The Bizarre Ban

Back to researching & blogging after a month of well needed rest…

The EU incandescent ban

The first phase of the absurd incandescent ban has now taken effect.

* As of this month it is now illegal to produce and import 100W incandescent bulbs and frosted incandescent bulbs. And frosted Halogen Energy Savers!

(Selling already existing stocks is still permitted.)

The regulation also includes requirements for new product information on the packaging for all lamps (which I think is a good thing that should have been required long ago).

Manufacturers support this phase-out. “We are very positive”, says Magnus Frantzell, CEO of the Swedish Lighting Manufacturers Association to Expressen. Well, what a surprise…

But it will not stop here. This is the full schedule:

* 1 September 2010: clear 75W (over 750 lumen) lamps will be banned (through minimum efficiency requirements).

* 1 September 2011: clear 60W (over 450 lm) lamps will be banned.

* 1 September 2012: clear 7W-40W (over 60 lm) lamps will be banned.

* 1 September 2013: tightened standards on CFLs and LEDs. No lamp type will be removed from the market, only lamps with poor performance. Possibly non-dimmalbe lamps will be banned.

* 2014: Review of the regulations by the EU Commission.

* 1 September 2016: tightened standards for clear halogen lamps. Only energy class B halogen lamps (C for some special cap lamps) will be permitted, which currently only the super-expensive IR halogen lamps with integrated transformer reaches. All other halogen lamps will be banned! [1]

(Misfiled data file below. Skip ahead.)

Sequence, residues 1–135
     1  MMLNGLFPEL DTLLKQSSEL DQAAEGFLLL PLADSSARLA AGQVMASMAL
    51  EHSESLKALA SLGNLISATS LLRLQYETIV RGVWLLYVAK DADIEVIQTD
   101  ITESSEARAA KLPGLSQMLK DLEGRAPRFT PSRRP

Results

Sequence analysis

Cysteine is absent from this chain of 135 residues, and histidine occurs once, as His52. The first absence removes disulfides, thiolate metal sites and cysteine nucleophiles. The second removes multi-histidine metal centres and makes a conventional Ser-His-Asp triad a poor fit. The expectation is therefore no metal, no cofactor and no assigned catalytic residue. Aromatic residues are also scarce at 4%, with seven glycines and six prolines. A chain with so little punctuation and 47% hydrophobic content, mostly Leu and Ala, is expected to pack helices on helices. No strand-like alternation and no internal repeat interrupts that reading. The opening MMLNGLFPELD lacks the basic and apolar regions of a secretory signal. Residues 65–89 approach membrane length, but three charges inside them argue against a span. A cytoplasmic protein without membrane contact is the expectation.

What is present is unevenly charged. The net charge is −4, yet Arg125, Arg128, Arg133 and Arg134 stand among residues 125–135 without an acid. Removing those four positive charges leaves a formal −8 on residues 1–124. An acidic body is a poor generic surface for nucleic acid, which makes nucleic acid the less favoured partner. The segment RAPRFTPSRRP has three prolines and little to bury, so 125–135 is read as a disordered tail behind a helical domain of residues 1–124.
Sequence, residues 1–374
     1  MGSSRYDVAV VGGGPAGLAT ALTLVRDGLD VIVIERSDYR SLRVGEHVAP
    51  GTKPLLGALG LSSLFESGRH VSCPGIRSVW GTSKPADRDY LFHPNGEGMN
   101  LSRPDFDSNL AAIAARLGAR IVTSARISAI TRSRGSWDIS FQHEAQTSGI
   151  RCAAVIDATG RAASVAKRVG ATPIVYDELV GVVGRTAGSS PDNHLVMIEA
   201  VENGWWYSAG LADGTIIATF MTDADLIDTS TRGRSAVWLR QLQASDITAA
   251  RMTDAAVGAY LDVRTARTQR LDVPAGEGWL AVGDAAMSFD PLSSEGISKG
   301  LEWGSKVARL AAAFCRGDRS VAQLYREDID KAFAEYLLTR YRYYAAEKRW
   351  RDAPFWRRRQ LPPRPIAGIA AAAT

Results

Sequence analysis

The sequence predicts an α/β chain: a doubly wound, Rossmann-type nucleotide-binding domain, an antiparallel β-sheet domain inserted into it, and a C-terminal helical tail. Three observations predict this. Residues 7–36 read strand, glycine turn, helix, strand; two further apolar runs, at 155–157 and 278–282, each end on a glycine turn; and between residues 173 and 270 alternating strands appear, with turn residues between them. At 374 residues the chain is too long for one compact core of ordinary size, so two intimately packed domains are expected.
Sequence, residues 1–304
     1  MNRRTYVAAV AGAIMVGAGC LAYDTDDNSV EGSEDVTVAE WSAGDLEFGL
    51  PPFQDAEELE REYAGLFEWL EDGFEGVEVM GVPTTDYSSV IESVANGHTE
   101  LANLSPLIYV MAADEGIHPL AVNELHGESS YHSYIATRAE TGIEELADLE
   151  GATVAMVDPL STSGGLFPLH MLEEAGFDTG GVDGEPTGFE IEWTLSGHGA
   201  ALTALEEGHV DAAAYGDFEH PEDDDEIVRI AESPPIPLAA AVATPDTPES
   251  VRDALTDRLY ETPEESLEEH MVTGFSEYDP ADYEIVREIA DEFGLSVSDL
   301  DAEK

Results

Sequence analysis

Exceptions: “special-purpose lamps designed essentially for applications such as traffic signals, terrarium lighting and household appliances and clearly indicated as such on accompanying product information are not subject to these eco-design requirements.” Examples of special-purpose lamps: aquariums & terrarium lamps; germicidal lamps, lamps for display/optics; stage, studio, TV & theatre lamps; photo flash lamps; projection lamps, IR lamps; traffic signal lamps for roads, trains & aviation; car headlight lamps; oven & fridge lamps; temperarture- & shock-proof lamps; mirror lamps. [2]

Street, office & industry lighting

Somehow, without any public debate whatsoever, it seems that the EU Commission has also just snuck through a regulation on office, industry and street lighting. [4, 5]

* 2010: Phase out of T8 halophosphate fluorescent tubes (through minimum efficiency requirements).

My comment: This is good as they are not very efficient, contain more mercury, often flicker due to old type magnetic ballasts and the poor-colour-rendering light truly sucks. Should have been phased out decades ago.

* 2012: Phase out of T12 fluorescent (FL) tubes.

My comment: This is probably good too, although it will require many businesses to purchase new fixtures for the thinner, more efficient tubes with HF-ballasts.

* 2012: Phase out of high-pressure sodium (HPS) standard quality lamps (only E27/ E40/ PGZ12 affected).

My comment: This is acceptable as long as there are better quality lamps of the same type available. Not acceptable if it includes the decorative frosted incandescent-like lamps used in parks and Old Town-environments across Europe. These are somewhat less efficient but are needed for sensitive environments. Quality vs quantity. It cannot all be about quantity of light, we also need quality of life.

* 2012: Phase out of less efficient metal halide (MH) lamps (only E27/E40/PGZ12 affected).

My comment: Again fine, if there are better lamps of the same type still available.

* 2014: Review of the regulations by the EU Commission.

* 2015: Phase out of High-Pressure Mercury (HPM) lamps.